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It’s been awhile since I reviewed a book about birds and I’m often very critical about the books so believe me when I tell you that this book is excellent.  Scott Weidensaul is a career birder.  He writes, he lectures and he birds whenever he can.

 

As the title explains, the book is about the history of birding in the United States.  The topic is broadly divided into a first part about people coming to the new world, becoming interested in birding and giving names to the bird.  In the future you’ll be seeing a lot of references to this book in my posts because Weidensaul gives wonderful details about how various birds were named for friends of the people that discovered the bird, people who funded birding trips, etc.

 

The second part is about the process of creating field identification books.  There is a lot of detail about Audubon, the first official field guide made by Roger Tory Peterson and a recent one written by Sibley.  This book was published in 2007 and it’s too bad it wasn’t published more recently because Crossley came out with a pretty revolutionary book last year.  The book ends with a brief discussion of Ken Kaufman and a plea to be more aware of bird conservation.  I’ve been meaning to read Kaufman’s Kingbird Highway, and this might get me to finally do it.

 

The book is very well written and I enjoyed the style.  The writing is descriptive without being exhaustively descriptive.  And nothing is so involved that you wouldn’t have trouble putting the book down and reading it a week later.  Also, the author is pretty inclusive about talking about different birding styles and how they’re all legitimate.  I’m still a bit peeved by one of the stories in Good Birders Don’t Wear White because the guy talks about how birders with money aren’t real birders because they’re buying their way to the birds.  Weidensaul’s book isn’t at all judgmental and I thoroughly recommend it.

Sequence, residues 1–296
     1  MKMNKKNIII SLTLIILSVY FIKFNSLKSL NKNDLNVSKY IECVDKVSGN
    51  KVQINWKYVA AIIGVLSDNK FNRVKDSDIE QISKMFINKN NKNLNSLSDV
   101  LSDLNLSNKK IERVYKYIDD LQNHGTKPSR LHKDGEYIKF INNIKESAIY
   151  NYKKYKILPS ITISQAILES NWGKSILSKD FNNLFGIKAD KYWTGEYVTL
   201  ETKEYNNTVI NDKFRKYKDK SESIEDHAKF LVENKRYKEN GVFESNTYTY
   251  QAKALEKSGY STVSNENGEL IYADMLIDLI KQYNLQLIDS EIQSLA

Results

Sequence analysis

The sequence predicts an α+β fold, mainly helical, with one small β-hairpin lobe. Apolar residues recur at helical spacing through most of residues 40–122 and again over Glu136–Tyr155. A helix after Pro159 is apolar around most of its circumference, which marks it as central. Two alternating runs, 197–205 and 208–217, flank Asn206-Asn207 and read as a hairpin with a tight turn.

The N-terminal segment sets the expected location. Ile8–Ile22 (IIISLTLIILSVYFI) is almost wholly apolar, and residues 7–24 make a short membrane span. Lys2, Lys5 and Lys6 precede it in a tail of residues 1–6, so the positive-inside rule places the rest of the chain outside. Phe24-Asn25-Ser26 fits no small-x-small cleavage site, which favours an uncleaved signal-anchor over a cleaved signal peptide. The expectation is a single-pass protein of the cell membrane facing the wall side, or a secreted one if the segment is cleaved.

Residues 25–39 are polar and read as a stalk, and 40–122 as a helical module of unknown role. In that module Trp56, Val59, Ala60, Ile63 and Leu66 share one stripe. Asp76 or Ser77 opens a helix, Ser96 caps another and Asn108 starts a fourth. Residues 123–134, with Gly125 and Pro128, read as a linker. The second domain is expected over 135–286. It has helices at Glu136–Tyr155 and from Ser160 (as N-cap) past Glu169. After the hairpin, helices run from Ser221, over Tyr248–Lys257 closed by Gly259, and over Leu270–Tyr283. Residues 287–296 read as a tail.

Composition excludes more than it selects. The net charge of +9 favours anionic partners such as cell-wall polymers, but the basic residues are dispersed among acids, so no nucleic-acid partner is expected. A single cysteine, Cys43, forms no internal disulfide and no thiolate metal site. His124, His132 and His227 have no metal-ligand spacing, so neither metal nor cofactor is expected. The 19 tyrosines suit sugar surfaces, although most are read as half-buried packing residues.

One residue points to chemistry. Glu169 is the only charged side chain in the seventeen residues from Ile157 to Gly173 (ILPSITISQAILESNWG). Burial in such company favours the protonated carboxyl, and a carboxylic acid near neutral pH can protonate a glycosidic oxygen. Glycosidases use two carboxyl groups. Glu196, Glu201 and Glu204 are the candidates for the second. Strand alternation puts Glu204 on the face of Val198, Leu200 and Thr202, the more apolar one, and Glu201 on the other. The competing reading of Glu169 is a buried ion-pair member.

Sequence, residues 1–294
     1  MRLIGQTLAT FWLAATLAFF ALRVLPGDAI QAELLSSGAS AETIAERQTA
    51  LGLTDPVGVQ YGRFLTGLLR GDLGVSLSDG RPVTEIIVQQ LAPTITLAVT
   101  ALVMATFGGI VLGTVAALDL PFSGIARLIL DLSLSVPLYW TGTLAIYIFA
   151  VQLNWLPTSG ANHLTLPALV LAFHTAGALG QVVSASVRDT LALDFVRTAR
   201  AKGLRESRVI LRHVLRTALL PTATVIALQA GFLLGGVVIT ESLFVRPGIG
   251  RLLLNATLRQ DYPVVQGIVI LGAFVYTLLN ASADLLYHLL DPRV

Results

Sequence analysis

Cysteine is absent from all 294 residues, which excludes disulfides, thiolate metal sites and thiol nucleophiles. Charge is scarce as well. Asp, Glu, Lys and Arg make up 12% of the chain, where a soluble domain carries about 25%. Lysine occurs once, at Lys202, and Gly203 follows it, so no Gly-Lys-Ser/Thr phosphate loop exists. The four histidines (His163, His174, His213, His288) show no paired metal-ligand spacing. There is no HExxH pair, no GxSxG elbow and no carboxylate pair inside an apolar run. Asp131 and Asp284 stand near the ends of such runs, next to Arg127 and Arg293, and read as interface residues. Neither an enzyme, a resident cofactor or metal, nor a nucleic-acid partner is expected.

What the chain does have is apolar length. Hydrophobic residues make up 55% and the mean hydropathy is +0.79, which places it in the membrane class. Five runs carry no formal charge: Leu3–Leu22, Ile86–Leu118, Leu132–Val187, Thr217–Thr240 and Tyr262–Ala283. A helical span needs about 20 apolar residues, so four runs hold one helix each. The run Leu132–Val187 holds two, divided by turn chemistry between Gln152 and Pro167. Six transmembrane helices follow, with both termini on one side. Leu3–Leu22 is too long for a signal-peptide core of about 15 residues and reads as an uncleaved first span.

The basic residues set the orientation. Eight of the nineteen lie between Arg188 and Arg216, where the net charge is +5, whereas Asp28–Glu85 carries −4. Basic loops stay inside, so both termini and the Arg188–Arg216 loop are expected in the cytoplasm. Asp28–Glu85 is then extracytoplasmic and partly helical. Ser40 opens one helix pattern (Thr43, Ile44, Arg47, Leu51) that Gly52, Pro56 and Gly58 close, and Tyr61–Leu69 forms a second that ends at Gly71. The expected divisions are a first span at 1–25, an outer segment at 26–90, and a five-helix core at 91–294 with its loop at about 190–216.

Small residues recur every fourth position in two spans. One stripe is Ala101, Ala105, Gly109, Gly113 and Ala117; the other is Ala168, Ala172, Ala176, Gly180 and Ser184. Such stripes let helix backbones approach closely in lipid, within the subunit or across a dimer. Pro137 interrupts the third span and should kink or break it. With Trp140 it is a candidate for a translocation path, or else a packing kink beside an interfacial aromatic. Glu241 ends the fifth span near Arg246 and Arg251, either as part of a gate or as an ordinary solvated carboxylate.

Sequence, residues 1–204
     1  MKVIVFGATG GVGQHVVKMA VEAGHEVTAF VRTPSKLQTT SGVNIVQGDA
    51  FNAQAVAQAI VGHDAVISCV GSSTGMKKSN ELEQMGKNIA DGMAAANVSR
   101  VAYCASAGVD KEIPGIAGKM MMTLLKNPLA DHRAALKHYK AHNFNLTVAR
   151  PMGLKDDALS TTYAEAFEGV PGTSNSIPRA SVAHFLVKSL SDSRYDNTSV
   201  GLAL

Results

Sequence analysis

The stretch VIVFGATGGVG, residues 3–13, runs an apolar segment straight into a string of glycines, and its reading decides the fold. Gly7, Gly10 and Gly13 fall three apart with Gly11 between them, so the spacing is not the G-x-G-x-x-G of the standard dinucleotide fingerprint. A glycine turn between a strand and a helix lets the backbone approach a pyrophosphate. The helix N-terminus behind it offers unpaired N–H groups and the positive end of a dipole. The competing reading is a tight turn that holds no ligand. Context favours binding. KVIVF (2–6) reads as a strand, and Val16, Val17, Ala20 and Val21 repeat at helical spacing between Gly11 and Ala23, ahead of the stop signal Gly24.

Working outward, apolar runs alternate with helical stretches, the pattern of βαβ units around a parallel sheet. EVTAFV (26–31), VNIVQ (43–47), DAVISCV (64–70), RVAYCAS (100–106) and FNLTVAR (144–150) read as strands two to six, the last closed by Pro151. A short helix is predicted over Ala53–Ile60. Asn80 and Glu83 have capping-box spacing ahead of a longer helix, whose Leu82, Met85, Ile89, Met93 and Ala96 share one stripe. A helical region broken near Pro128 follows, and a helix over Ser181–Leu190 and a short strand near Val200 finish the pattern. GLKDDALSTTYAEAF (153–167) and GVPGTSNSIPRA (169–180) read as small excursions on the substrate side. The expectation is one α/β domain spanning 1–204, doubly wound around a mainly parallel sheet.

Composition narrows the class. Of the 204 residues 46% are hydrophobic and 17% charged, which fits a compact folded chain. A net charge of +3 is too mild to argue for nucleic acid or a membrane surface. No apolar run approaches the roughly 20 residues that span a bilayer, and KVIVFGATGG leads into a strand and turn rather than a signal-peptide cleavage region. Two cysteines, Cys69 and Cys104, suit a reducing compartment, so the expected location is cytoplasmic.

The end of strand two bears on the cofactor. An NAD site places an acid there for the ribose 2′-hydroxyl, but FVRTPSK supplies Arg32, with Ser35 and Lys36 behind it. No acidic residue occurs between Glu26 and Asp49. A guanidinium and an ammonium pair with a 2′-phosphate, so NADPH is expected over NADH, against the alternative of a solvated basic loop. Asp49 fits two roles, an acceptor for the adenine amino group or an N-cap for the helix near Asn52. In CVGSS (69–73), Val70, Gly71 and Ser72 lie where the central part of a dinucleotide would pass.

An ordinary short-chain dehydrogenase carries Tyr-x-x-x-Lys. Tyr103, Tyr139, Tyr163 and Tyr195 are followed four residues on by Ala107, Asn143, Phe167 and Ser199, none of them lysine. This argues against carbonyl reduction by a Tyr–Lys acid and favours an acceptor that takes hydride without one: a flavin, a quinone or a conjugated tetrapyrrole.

2 Responses to “Of a Feather: A Brief History of American Birding by Scott Weidensaul”

  1. Kathy Walters says:

    Elizabeth, I have read others of Weidensal’s books and loved them. I find them very intellegent and thought provoking.

    At the refuge where I volunteer all the volunteers who work with the public bird in white shirts. It bothered me because of the book title for a great while however, many of our birds are white as well, so I guess it doesn’t bother the birds in our area.

    You have me wanting to visit the Salt Lake City area sometime to bird.

  2. Elizabeth says:

    I think the white shirt warning is too extreme. Or the birds in your refuge are used to the people by now.